Archives for September, 2009

The Mountain Eagle ( Whitesburg, KY) reports that coal miner Scott Howard was retaliated against by management at Arch Coal’s Cumberland River Coal Co. mine for his safety complaints and other protected activity.  In “Judge Agrees with finding that miner was being punished,” the paper notes that an administrative law judge (ALJ) with the Federal Occupational Safety and…

Broken Laws, Unprotected Workers

A Washington Post editorial entitled “Down and Out” (9/8/09) alerted me to a new report by the National Employment Law Project (NELP) on working conditions experienced by low-wage workers in the U.S.  The 72-page report “Broken Laws, Unprotected Workers:  Violations of Employment and Labor Laws in America’s cities,” describes the results of a survey conducted in 2008…

by revere, cross-posted from Effect Measure One of the most feared outcomes of infection with influenza is Acute Respiratory Distress Syndrome (ARDS; in less severe form it mahy be called Acute Lung Injury, ALI). For reasons we still do not understand, cells deep in the lung that are involved in gas exchange (oxygen and carbon…

Occupational Health News Roundup

Wyoming has had the highest rate of workplace deaths in recent years – 15.6 fatalities per 100,000 workers from 2005-2007. Oil field workers, or roughnecks, are at particular risk, and some of them are pushing the state to make it easier for injured workers and dead workers’ survivors to sue oil companies. The Los Angeles…

Calculating Costs of Labor Law Violations

The New York Times editorial page draws attention to a new report that provides details about just how badly our system of workplace protections is failing workers in low-wage industries. Broken Laws, Unprotected Workers: Violations of Employment and Labor Laws in America’s Cities provides the results of extensive research by the Center for Urban Economic…

Labor Rights are Human Rights

As I get ready to take in the 3-day Labor Day weekend, I have to remind myself that this national holiday has deep roots in the trade union movement and struggles (sometimes violent) for workers to secure basic human rights.   In 1948, some of the fundamental protections sought by our worker-forbears were codified into the United Nations’ Universal Declaration of Human Rights.  Among others,…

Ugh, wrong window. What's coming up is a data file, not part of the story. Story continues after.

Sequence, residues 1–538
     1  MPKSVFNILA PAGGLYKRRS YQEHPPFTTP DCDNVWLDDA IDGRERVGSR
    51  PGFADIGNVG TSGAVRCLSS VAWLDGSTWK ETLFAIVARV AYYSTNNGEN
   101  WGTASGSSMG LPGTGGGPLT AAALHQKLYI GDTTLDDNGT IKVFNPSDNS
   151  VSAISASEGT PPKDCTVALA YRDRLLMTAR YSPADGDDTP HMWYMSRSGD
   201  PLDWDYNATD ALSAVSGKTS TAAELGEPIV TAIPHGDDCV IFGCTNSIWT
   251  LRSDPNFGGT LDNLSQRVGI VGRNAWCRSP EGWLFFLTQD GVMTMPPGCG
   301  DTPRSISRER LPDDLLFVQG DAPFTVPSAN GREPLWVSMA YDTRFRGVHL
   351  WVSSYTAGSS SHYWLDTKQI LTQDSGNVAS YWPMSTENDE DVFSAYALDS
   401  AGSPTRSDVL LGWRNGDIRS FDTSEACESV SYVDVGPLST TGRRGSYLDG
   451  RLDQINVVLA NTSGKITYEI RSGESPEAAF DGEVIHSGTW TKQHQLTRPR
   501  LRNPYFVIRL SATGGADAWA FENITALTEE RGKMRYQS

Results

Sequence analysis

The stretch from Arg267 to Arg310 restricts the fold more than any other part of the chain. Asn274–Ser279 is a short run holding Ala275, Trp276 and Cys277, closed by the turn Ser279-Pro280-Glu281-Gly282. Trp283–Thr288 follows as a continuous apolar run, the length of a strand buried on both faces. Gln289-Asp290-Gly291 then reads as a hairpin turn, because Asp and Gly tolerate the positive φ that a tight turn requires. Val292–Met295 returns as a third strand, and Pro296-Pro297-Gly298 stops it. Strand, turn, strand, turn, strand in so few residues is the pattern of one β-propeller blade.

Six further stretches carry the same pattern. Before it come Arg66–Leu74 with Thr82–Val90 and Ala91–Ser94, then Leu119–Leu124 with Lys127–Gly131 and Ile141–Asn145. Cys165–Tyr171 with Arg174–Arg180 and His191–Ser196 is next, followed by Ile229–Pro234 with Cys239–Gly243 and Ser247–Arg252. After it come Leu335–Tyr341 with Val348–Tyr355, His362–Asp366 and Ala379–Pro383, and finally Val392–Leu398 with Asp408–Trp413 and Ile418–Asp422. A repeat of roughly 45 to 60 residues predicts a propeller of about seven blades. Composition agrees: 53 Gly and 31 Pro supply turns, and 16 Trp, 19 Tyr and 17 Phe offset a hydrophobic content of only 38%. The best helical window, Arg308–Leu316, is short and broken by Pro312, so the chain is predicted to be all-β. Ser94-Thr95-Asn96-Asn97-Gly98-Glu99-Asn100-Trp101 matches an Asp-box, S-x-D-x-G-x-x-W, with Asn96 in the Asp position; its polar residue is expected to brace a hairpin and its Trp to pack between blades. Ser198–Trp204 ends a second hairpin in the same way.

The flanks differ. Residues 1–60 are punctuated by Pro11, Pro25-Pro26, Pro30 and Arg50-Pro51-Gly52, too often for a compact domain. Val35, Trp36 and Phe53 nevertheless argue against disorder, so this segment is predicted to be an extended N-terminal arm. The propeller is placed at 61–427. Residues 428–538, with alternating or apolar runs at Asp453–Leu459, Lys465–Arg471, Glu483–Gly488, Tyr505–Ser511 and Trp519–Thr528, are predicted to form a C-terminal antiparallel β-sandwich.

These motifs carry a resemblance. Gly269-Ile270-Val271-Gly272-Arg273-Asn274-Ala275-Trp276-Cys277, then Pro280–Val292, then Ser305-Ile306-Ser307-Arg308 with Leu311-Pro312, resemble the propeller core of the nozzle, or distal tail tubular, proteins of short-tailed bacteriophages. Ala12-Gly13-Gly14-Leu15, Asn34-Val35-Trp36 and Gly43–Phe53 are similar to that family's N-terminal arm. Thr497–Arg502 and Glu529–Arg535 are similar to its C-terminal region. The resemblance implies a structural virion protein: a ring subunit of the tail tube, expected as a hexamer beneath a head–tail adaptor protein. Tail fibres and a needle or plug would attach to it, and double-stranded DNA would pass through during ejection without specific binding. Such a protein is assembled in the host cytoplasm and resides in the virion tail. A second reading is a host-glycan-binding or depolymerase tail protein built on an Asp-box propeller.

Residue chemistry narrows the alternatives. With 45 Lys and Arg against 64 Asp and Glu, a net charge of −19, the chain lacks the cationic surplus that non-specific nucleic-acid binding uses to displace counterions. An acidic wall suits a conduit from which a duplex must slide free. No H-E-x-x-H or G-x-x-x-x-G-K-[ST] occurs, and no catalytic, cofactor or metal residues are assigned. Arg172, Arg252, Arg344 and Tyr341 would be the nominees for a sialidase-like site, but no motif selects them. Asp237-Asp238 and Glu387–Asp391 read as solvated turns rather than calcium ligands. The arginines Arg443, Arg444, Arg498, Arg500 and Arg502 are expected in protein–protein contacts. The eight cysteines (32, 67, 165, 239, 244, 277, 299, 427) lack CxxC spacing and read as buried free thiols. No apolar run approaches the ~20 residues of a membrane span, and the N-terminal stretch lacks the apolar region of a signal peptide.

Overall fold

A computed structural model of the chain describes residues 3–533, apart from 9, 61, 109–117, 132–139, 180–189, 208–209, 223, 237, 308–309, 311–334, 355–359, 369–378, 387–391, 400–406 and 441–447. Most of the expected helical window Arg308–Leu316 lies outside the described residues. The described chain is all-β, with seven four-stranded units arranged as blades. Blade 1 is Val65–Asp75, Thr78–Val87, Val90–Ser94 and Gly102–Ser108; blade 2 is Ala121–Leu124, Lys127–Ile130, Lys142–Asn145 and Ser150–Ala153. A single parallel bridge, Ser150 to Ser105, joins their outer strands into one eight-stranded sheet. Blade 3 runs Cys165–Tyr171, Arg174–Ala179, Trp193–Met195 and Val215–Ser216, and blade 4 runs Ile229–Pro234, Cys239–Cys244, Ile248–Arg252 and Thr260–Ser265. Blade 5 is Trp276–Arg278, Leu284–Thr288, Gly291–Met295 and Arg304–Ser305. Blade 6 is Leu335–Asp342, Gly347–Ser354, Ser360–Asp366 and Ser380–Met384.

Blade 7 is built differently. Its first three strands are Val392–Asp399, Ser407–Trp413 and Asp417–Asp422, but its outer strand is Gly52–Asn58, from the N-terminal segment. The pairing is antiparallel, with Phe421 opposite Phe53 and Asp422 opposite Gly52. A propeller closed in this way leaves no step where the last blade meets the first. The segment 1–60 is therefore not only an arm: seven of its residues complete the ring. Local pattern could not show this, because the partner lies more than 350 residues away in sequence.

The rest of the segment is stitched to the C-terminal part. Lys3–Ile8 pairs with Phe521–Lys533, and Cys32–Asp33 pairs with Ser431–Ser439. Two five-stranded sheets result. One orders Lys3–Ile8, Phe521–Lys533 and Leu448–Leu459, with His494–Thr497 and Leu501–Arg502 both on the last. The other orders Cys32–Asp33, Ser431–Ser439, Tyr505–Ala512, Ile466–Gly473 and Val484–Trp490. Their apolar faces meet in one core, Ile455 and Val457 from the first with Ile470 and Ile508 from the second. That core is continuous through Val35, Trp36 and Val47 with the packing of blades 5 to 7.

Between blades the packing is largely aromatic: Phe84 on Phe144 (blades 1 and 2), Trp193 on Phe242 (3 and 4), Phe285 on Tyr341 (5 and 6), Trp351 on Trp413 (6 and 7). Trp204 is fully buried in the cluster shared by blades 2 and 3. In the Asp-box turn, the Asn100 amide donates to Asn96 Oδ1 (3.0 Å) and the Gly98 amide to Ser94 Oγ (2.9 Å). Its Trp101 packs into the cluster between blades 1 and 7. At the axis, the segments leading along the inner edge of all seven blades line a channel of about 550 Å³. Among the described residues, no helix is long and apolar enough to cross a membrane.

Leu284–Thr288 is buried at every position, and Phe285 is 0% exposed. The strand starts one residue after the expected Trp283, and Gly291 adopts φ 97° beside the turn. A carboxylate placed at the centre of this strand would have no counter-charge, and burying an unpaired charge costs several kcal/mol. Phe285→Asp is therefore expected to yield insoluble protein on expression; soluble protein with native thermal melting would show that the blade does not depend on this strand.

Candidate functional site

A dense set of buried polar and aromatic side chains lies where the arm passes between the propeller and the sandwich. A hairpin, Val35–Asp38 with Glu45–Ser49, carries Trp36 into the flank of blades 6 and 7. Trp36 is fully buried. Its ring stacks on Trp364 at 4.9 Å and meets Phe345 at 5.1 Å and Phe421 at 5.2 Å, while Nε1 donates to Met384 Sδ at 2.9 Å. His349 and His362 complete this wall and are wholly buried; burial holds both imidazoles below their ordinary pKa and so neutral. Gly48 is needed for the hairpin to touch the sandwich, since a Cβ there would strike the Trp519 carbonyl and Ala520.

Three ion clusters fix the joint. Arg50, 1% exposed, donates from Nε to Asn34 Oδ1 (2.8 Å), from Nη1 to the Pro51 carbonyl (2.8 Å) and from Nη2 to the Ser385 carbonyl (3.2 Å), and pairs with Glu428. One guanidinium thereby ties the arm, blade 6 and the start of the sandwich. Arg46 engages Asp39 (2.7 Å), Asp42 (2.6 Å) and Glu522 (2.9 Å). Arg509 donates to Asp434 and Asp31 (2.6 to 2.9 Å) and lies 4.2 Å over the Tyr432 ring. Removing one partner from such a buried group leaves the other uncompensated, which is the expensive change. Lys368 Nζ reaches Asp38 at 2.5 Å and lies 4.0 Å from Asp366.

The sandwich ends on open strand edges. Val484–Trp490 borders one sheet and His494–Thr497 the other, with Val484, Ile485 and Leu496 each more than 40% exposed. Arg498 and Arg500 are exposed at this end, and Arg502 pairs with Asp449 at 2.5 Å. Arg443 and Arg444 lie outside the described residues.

Breastfeeding is a Human Right

by Ruth Long Yesterday, a friend and neighbor told me that she was chastised for nursing her daughter in a DC public library.  She had placed herself in a discreet corner and covered herself and her child who was nursing, while she read a book to her older child.  The librarian then confronted this woman…

John Howard to Head NIOSH

We’ve just learned that Health & Human Services Secretary Kathleen Sebelius will be announcing later this afternoon that John Howard, MD has been selected to lead the National Institute for Occupational Safety and Health. Dr. Howard headed NIOSH for six years during George W. Bush’s administration, and both the American Society of Safety Engineers and…

Things to Remember About US Healthcare

A lot of the media coverage of the healthcare debate lately has focused on the politics, probably because journalists feel like they’ve already spent several months explaining the various aspects of proposed reform. But there are a few things that bear repeating, because not everyone seems to remember them. The Washington Post’s Ezra Klein has…

Nano Genie out of the Bottle

The Project on Emerging Nanotechnologies (a partnership between the Woodrow Wilson International Center for Scholars and the Pew Charitable Trusts) compiles an inventory of nanotech-enabled consumer products, and they recently announced that they’ve identified 1,000 nano products. Given the many concerns about effects of nanoparticles on workers’ health, human tissues, and even our water supply,…